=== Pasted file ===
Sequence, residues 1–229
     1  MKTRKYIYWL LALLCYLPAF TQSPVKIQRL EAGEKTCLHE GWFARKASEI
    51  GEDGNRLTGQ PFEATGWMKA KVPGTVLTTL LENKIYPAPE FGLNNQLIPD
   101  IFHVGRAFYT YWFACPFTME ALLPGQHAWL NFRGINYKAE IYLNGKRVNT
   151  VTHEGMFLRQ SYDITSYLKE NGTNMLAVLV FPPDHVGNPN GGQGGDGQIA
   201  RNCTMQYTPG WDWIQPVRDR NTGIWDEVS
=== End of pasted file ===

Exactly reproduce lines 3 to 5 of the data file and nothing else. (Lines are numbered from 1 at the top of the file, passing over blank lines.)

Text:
    51  GEDGNRLTGQ PFEATGWMKA KVPGTVLTTL LENKIYPAPE FGLNNQLIPD
   101  IFHVGRAFYT YWFACPFTME ALLPGQHAWL NFRGINYKAE IYLNGKRVNT
   151  VTHEGMFLRQ SYDITSYLKE NGTNMLAVLV FPPDHVGNPN GGQGGDGQIA